Anyway, growing up with my mother...we were never short on art or eccentricities. I think that this combination contributes greatly to my distaste of people who like things that people tell them to like. I have almost no time for people who constantly latch on to the taste of others, and have no understanding of why they like what they like. 

I know what you are all saying. You are asking yourselves how I can write a blog about fashion if I'm not impressed by it. Let me explain. I love fashion. I love dressing and sliding my feet into a new pair of shoes. I love lipstick and I love perfume. But I don't let other people's taste dictate my style. My fashion is mine. It's not Pippa Middleton's, and it's certainly not Kim Kardashian's. The media and the general public is always obsessed with someone, but there is never any real reason for the obsession. They all walk alike, talk alike, dress alike and live solely for the fact that they are being watched. One of the problems with our young girls today is that they are under the impression that they have to be like somebody. But really, they need to be like themselves. The age of the overexposed and endless parade of celebrity is just like this gilded facade of "beauty." People want to look like them, live like them, and often times the impersonations are even more lackluster than the celebrities themselves. I'm not saying that this is true for all women around the world, but what I'm trying to explain is how much it really bothers me.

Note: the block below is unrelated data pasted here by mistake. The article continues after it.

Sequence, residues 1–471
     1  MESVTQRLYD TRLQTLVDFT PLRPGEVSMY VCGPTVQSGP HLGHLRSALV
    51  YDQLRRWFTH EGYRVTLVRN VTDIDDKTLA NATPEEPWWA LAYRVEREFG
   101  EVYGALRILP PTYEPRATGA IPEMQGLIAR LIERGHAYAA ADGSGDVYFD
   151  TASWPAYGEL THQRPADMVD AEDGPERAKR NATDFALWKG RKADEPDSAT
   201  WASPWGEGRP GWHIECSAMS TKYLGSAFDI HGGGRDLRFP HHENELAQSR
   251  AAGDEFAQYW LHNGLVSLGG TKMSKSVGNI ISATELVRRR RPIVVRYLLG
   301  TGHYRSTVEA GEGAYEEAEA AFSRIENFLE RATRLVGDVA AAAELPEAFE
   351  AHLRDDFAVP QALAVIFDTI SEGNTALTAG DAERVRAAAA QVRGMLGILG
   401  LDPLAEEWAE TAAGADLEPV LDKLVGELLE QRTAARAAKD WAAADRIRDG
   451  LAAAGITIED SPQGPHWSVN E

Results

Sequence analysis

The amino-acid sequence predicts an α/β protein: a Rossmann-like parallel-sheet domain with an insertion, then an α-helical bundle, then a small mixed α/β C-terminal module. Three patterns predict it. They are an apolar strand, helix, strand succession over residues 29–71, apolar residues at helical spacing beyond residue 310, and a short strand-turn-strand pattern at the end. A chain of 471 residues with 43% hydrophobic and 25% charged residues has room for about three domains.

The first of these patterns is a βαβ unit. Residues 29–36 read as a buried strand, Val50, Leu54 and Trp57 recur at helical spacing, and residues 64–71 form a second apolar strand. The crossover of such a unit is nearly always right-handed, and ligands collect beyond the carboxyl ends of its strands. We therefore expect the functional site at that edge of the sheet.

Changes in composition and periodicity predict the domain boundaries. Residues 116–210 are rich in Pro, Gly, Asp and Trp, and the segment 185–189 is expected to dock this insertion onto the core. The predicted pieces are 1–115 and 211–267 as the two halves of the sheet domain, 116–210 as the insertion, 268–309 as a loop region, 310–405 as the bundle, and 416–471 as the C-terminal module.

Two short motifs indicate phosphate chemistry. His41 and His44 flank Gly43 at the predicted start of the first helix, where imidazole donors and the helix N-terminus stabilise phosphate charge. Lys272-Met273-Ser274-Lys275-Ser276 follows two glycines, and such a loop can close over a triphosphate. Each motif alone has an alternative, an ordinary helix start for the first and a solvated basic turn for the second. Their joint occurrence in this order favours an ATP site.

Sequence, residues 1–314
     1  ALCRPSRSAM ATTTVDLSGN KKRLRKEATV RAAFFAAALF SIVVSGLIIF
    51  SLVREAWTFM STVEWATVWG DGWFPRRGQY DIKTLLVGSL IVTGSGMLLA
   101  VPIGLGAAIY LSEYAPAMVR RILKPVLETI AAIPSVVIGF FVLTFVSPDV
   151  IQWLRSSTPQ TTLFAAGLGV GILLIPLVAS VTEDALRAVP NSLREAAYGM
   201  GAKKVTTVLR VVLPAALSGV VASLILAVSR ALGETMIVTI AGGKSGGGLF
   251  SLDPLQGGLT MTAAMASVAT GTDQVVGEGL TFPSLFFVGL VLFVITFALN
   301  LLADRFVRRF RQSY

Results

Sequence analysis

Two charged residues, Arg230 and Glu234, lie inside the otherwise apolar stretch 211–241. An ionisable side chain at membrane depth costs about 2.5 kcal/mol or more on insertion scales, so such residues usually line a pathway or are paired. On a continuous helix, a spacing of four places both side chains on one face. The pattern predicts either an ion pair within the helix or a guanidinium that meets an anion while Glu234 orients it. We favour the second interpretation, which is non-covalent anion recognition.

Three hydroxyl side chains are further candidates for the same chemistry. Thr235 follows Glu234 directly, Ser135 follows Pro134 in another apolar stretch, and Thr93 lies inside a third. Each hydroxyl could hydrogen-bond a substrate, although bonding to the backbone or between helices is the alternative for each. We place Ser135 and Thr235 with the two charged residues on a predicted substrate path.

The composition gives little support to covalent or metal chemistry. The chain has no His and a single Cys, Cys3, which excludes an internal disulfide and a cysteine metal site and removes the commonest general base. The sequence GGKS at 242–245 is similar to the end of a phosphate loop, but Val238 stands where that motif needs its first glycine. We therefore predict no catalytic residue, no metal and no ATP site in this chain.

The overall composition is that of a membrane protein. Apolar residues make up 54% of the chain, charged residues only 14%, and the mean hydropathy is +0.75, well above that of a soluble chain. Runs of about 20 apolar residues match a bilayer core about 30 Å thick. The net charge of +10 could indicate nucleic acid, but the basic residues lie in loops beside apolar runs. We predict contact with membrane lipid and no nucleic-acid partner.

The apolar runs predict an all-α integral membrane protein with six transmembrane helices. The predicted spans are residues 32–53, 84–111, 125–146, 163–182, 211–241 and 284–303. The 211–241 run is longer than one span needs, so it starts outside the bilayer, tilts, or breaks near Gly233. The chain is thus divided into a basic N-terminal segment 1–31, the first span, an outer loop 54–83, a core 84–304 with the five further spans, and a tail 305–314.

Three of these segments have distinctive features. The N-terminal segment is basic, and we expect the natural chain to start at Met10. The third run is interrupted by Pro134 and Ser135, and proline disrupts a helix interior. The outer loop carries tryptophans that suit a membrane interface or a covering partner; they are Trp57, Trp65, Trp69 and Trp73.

I was sitting with three teenage girls yesterday, playing this silly "questions about yourself" kind of game, and one of the questions was "What ideal would you never give up?" and almost unanimously they answered that they would never compromise themselves for the sake of trying to be like someone else. I wanted to hug each one of them (I think I did) and applaud them for their forward thinking in this age of madness. I think that the only thing that really impresses me anymore is the person who is the leader of their life, not the follower of someone else's life.

Anyway, I applaud my mother for teaching me that in order to really love something, you have to dig for it. You have to find what it is that you really really love about it in order for the love to be real. Whatever it is has to have an energy to give to you, and to really love something, from a person who shares your bed to a purse, you have to work for it.